See your doctor for advice.
- Use of Contraceptive Pills
About 1 in 10 women who suffer with period pain find the pain so disabling that even the use of pain killers and warm wraps fail to control their pain. This could lead to their taking time off school and work from month to month. Is that the case with you? The use of the combined oral contraceptive pill (containing the two female hormones - oestrogen and progesterone) helps in controlling ovulation in these women and thus stop menstrual pain.
Provided there is no contraindication to taking such pills (like history of blood clots, focal migraine with aura, family history of breast cancer, severely overweight and smoking), taking the pill monthly will control the pain in most cases
- Nutritional Therapy
Some women find that taking supplements like Omega-3 fatty acids, or Calcium & Magnesium combination, or vitamin E or Niacin. While there are growing body of evidence that some of these supplement provide relief from menstrual pain, it is not known whether this is as a result of placebo effect. You can get such supplements from reputable online stores like Holland & Barrett. If you try any of these supplements for menstrual pain and find them useful, then feel free to discuss its continue use with your doctor.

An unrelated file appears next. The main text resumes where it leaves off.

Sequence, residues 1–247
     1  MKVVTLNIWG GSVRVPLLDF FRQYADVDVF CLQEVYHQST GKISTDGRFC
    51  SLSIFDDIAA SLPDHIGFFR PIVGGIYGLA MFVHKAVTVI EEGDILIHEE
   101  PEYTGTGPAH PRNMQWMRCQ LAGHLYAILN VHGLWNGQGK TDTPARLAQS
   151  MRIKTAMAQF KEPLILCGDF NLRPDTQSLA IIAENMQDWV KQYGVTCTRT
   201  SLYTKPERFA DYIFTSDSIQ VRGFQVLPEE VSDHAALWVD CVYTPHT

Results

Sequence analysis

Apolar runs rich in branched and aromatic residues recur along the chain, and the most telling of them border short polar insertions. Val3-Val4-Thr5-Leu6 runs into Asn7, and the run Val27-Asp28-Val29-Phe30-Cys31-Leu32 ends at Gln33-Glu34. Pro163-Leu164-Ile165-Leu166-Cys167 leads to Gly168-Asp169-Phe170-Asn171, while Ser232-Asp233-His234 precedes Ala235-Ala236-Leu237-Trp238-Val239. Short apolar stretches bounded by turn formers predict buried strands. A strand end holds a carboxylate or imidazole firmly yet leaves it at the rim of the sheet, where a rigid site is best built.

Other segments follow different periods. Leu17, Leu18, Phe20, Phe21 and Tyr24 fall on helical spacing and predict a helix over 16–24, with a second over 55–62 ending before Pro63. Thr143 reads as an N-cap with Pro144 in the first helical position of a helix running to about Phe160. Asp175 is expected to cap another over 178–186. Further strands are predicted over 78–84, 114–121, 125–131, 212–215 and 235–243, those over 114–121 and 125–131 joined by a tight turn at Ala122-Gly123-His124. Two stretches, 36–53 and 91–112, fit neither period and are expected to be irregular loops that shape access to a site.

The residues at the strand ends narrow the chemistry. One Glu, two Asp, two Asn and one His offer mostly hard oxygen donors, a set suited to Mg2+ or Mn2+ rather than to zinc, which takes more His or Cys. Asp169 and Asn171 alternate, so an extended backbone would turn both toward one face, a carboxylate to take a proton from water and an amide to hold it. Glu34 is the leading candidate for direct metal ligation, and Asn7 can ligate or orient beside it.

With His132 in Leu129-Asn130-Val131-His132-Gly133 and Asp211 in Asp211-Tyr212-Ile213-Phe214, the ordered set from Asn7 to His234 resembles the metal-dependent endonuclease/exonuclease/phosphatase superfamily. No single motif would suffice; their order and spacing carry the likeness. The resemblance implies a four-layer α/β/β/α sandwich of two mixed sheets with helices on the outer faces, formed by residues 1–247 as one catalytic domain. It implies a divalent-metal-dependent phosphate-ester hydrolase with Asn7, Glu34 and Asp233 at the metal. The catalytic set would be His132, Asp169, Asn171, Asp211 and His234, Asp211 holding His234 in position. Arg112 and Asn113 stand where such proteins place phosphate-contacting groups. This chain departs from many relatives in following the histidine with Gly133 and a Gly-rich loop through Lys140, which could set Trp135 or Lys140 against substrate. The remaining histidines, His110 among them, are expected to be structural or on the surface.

Yoga for menstrual cramps is increasingly becoming a popular form of menstrual pain relief exercise. Adopting certain posture that stretches the abdomen by arching the lower back and remaining still in that position for severe minutes has been reported to help soothe the pain of period cramps in some women.
Other remedies that have been use for menstrual cramps include the use of TENS machine, acupuncture, homeopathy, hypnosis and relaxation and guided imagery techniques.
Menstrual Cramps: Have Your Say!
Do you or your loved one suffer with menstrual pains? Is there something you particularly find helpful, or just want to share a thought or query on period pain here? Share it. Have your say!